She whispered to me with bulging eyes of urgency, “something is not right, I’ve been in pain all night.”
Her chief complaint was chest pain. She had a routine work-up and some care with little relief. The news came that all of her test results were normal. Her body appeared tense, she looked panicked and afraid. At bedside, the attending suggested endoscopy offering that her pain may be related to a gastrointestinal condition. I introduced myself immediately as a medical student and quickly advocated for a cardiologist consultation.
I mentioned that a few months prior she had been rushed to this hospital by ambulance with what had been determined as idiopathic ventricular fibrillation. The attending shook his head, he started moving toward the nurse’s station and I followed behind. He reviewed her case with me again and then he shouted, “endoscopy” then I said “cardiology consult.” I left quickly without waiting for a response because I was trembling with fear.
As I sat outside trying to figure what my next steps would be, my phone rang and it was the nurse, she said that the attending had agreed to the cardiology consult. I returned to our house to care for my grandmother, in the absence of my mom she had no caregiver. In the afternoon the cardiologist called me to express his concern with mom’s condition. He recommended, pending insurance approval that she be transferred to another hospital (the one that I had told her to go in the first place) for more tests and further observation. This hospital did not have a full cardiology service and would be closing for good within next 72 hours.
Mom was transferred that night, additional test results showed significantly block coronary arteries. Early the next morning she had cardiac catheterization to open her blocked blood vessels. After a short hospital stay in she returned home.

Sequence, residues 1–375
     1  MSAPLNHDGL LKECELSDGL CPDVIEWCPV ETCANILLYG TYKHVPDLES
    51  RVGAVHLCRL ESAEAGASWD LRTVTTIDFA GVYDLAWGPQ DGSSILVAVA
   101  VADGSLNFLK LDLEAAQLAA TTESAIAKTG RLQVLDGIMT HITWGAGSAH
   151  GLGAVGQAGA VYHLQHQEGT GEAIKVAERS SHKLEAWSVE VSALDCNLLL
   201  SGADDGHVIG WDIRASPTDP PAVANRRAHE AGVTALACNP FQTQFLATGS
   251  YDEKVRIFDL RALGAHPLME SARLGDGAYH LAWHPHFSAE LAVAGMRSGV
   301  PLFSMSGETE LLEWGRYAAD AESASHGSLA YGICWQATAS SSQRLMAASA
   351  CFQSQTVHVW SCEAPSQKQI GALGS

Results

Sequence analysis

For a medical student learning to observe in clinical settings is a skill that comes with practice, time as well as teaching. Furthermore, bearing witness involves seeing the whole patient taking aim at focus beyond the chart to examine the situation. The recently released book by Dr. Augustus White, Seeing Patients: Unconscious Bias in Health Care offers the following:
… the race and sex of patients [influences] physicians’ decisions about whether to refer patients for catheterization…If you were black, the report concluded, you were less likely to be referred. If you were a woman, you were also less likely to be referred. And if you were a black woman, you were especially less likely to be referred.
While some have criticized Dr. Schulman’s research as “exaggerating the disparities” inequalities in treatment and care are demonstrated in his efforts providing evidence for the need to improve health care as discussed in the report Unequal Treatment Confronting Racial and Ethnic Disparities in Healthcare. As an African American woman who is a physician-in-training, I’m glad to witness good medicine as well as mom’s progress.
Katherine Ellington is a medical student who blogs at World House Medicine.
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